October 01, 2016
Leadership Is Not a Slogan
by John Addison
A leader’s most important job is to create an environment and landscape where the company can grow. Don’t kid yourself; this is a big job. Creating and maintaining a corporate culture doesn’t mean simply adding the company mission statement to the bottom of your email signature. It isn’t tacking up a slogan in the break room. Instead, it involves creating a system of consistent—and constant—communication that starts at the very top of the organization and flows throughout.
The basic principles here are not unique to direct selling companies, but they are no less important. People need to know that you’re the rudder in the water that’s guiding the ship. When you’re the leader, people need to know that the company is not going to run based on what mood you’re in that day. Don’t be a mystery to your people. If you’re communicating honestly and frequently enough, your team will know how you’re going to react before they sit down with you to discuss an issue.
It’s not enough to be personally consistent with your message. As a leader, you also have to make sure that message is being passed down throughout the organization. I’ve found that the best way to achieve that is to surround yourself with team players who buy into the vision of the organization. You don’t want a bunch of free agents who are out willy-nilly, going in their own direction on things. Having experienced people in key positions is also important. One of the death knells of an organization is having constant turnover of key people. Some turnover is good to get fresh ideas, but I’d rather err on the side of experience because it creates an incredibly strong culture.
Setting the right tone and building an effective culture in a direct selling company brings with it some unique communication challenges for corporate leaders. To start, you’ve got to create a simple message about a great product without overhyping either the product or the opportunity. There’s nothing wrong with making something fun and exciting; this is sales, after all. But you’ve got to be honest. Don’t run from the failures of the people involved in your business, but don’t run from the successes, either. You know you’re getting it right when you have a product that can sell at the price you’ve set, even without the opportunity attached. You should be legitimately developing way more customers than recruits, and you should feel proud of what you do.
Once you have the product and opportunity in place, the next step for leaders is bringing new people into your business. The key to successful communication is having a simple, easy-to-share message and a replicable system of training and tools to bring people on board. This business is about helping people make incremental commitments to the organization, so outline a series of simple activities that you want your newest recruits to do early on in their business venture. Setting realistic expectations with doable activities can help someone new to direct selling get started and enjoy some early success.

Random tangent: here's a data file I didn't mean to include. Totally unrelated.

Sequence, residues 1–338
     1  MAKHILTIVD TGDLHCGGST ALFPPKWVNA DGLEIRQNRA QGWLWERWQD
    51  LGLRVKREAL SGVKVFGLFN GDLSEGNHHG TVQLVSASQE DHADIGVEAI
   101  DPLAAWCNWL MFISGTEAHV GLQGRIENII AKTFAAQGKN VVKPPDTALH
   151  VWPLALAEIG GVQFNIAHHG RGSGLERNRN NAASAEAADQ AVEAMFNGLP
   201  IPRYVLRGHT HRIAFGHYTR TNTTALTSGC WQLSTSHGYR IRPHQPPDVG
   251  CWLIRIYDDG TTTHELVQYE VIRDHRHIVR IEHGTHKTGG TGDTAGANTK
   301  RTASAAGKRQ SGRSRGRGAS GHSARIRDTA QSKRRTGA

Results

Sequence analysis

You’ll know you’re doing this well when you observe two things happening over and over again. First, the message you hear out in the field is incredibly consistent. This means a meeting in Portland, Oregon, is going to be the same as one in Mobile, Alabama. No one is perfect, but this should be your goal. And second, you are effectively managing expectations so that when people inevitably leave the business they don’t leave on a sour note. Survey people as they depart, and really study the data. If you’re seeing too many responses you don’t like, you know you have a problem that must be addressed.
What can you do as a leader of a direct selling company to increase the length of time people spend working the business? Once again, you have to have a system that allows for consistent, clear messaging. People who join direct selling opportunities are, by nature, frustrated with some part of their lives and looking to make a change. By listening to their frustration and plugging them into a personal development system, you can help people make progress in their life even before they begin earning an income. Effective leadership and consistent communication in this area involves positive reinforcement, positive education and a culture of excitement about personal growth. Your field will report feeling better tomorrow than they did today, whether that’s mentally, spiritually or economically.
The world of direct selling is evolving. New technologies and social media provide more avenues for corporate leaders to communicate with their own teams and with their independent salesforces. But these same factors also can be a distraction or, worse, a dividing force within a company. There are a lot of good companies and a lot of good people in direct selling today. The companies that stand out are those whose corporate leaders are creating an environment of excellence by communicating clearly and consistently.
John Addison, author of Real Leadership: 9 Simple Practices for Leading and Living with Purpose, Leadership Editor for SUCCESS magazine, and President and CEO of Addison Leadership Group, engages and inspires audiences with his relatable messages. Most recently, he served as Co-CEO of Primerica Inc., a company he joined more than 35 years ago.